# 10-D.6: Name Resolution

## Name Resolution

Name resolution is a process of converting an IP address to a user friendly computer name. Originally networks used host files to resolve names to IP addresses. These files were a text file that the computer consulted if a name lookup was necessary. All the computers on the network and their IP address mappings had to be entered manually into these files. The file was then automatically copied to all the other machines on the network. When a resource was required, by the user typing its name, the machine referred to the host file to find the IP address.

As networks got larger and larger the text based hosts file grew too large and required too much maintenance. Then came the advent of dynamically assigned IP addresses. IP to name resolution took on a transitory nature with the possibility of IP addresses changing on a weekly basis. The days of the host files were numbered as the primary tool of name resolution.

## The /etc/hosts File

The computer file hosts is a file that maps hostnames to IP addresses. It is a plain text file. Originally a file named HOSTS.TXT was manually maintained and made available via file sharing. It contains the hostnames and address of hosts as contributed for inclusion by member organizations. The Domain Name System, first described in 1983 and implemented in 1984, automated the publication process and provided instantaneous and dynamic hostname resolution in the rapidly growing network. In modern operating systems, the hosts file remains an alternative name resolution mechanism, configurable often as part of facilities such as the Name Service Switch as either the primary method or as a fallback method.

The format of the file is quite simple: an IP address, followed by a hostname. In the following example the first entry is the local loopback entry - in IPv4 and then IPv6 format; then the entry for pbmac-server, which has no domain portion of the hostname; and then the entry for www.google.com - which includes the google.com domain. In this case it is assumed the pbmac-server is on the local domain.

pbmac@pbmac-server $cat /etc/hosts 127.0.0.1 localhost loopback ::1 localhost 192.168.0.1 pbmac-server 172.217.6.78 www.googlecom  ## The /etc/resolv.conf File The /etc/resolv.conf is a resolver configuration file for Linux. It is used to configure the domain name servers for a particular host. The file /etc/resolv.conf file contains information that is read by the resolver routines the first time they are invoked by a process. The file is designed to be human readable and contains a list of keywords with values that provide various types of resolver information. The file is simply a keyword, followed by an IP address. The IP address points to the DNS server that handles ALL of the name resolutions that are not provided in the /etc/hosts file. pbmac@pbmac-server$ cat /etc/resolv.conf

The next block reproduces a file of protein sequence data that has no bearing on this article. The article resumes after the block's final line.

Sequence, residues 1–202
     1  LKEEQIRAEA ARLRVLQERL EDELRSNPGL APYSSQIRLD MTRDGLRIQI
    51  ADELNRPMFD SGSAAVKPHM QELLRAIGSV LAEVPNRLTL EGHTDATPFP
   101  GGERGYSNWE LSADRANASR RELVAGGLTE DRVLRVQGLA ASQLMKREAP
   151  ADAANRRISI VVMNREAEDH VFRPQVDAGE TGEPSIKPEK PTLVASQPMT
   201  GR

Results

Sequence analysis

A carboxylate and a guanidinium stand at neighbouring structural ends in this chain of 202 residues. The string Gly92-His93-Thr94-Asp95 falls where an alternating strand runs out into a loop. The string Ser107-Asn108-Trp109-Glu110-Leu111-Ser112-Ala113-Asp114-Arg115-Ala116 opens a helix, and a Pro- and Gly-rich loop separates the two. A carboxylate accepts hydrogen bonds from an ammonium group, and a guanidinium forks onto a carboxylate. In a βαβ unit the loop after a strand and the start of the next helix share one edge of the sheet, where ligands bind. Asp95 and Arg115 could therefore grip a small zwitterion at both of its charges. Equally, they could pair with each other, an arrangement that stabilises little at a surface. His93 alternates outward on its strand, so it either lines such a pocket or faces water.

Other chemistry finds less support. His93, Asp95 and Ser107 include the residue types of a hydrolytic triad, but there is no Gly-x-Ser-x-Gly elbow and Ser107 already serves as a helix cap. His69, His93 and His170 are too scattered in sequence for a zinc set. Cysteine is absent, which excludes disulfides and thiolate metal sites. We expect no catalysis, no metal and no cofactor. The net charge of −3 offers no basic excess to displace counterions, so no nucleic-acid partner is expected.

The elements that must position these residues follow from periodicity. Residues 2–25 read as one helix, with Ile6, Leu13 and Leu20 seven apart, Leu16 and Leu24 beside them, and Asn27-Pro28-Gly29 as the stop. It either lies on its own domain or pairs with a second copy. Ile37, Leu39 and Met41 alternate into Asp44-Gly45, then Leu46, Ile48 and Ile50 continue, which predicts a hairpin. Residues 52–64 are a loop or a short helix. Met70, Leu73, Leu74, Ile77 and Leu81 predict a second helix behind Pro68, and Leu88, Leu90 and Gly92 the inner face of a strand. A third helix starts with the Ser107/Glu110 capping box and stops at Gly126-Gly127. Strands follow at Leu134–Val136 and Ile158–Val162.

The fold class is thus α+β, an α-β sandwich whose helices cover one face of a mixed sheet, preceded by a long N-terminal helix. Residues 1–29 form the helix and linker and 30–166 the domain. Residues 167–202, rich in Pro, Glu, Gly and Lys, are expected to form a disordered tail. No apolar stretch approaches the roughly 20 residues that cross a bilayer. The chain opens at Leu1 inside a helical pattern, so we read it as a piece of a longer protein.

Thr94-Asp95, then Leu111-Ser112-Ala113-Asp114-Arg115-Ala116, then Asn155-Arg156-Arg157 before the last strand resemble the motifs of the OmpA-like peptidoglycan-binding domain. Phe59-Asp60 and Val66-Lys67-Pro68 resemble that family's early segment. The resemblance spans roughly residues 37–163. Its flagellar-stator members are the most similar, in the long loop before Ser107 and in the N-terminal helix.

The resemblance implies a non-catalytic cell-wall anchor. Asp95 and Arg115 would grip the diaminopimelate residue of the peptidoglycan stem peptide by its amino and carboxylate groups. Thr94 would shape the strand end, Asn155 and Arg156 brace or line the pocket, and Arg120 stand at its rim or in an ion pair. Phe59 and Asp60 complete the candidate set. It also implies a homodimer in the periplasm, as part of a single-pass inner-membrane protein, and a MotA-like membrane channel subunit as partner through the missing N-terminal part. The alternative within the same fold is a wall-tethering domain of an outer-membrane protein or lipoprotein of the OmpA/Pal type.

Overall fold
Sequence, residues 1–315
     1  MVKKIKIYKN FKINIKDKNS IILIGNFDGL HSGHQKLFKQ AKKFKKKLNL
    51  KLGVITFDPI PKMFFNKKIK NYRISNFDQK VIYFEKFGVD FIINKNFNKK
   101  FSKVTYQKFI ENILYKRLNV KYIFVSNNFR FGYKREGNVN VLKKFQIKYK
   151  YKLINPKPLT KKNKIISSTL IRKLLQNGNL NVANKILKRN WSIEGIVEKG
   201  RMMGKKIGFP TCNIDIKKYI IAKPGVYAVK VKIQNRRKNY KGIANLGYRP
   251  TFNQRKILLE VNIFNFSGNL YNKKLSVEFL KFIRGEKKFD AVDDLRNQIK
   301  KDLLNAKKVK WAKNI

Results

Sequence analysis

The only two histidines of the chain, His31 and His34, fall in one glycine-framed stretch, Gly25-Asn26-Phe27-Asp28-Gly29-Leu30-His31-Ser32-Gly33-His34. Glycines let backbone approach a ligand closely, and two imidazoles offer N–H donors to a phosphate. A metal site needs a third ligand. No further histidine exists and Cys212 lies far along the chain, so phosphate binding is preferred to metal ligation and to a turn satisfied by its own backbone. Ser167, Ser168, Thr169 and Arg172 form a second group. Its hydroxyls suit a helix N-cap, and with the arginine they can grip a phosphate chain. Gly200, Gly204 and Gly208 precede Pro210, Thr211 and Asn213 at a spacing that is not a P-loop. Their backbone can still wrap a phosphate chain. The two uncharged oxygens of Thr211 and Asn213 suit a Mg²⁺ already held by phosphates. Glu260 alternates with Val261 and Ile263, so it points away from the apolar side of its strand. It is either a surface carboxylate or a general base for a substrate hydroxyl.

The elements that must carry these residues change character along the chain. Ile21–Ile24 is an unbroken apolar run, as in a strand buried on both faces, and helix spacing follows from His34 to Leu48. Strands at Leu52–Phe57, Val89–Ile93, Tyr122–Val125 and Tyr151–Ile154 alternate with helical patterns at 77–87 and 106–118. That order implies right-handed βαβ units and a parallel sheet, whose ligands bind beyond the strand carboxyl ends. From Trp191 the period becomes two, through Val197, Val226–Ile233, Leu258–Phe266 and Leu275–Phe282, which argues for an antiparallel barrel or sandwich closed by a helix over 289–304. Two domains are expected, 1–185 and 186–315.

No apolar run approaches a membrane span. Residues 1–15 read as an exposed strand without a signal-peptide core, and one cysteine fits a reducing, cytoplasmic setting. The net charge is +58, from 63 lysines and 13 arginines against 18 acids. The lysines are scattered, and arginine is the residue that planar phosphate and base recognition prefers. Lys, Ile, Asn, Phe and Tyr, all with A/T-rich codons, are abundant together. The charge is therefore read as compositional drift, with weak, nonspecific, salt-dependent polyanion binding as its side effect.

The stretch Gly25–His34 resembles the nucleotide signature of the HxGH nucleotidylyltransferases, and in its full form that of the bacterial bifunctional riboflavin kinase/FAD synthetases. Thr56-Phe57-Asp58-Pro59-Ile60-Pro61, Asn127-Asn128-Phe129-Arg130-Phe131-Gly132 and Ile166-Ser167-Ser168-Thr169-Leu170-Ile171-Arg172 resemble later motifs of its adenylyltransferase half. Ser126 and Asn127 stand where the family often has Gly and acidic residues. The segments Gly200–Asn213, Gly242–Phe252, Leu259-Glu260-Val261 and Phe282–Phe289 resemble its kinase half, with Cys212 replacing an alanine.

nameserver 10.0.80.11
nameserver 10.0.80.12

## The /etc/nsswitch.conf File

A system administrator usually configures the operating system's name services using the file /etc/nsswitch.conf. This file lists databases (such as passwd, shadow and group) and one or more sources for obtaining that information. Examples for sources are files for local files, ldap for the Lightweight Directory Access Protocol, nis for the Network Information Service, nisplus for NIS+, and wins for Windows Internet Name Service.

The nsswitch.conf file has line entries for each service consisting of a database name in the first field, terminated by a colon, and a list of possible source databases mechanisms in the second field. A typical file might look like:

pbmac@pbmac-server \$ cat /etc/nsswitch.conf
passwd:     files ldap
group:      files ldap

hosts:      files dns

The order of the services listed determines in which order NSS will attempt to use those services to resolve queries on the specified database. In the above example the name resolution uses the /etc/hosts file first, and if that does not provide a resolution, then the system consults the DNS server at the IP address shown in the /etc/resolv.conf file.

## NetworkManager Configuration of DNS

It is possible to use NetworkManager, which was briefly mentioned earlier, to setup the DNS configuration. There is not necessarily a "better way"; the point is that at least one DNS server needs to be configured on a system to ensure it can properly perform name resolution and hosts on the network can access hosts on the Internet.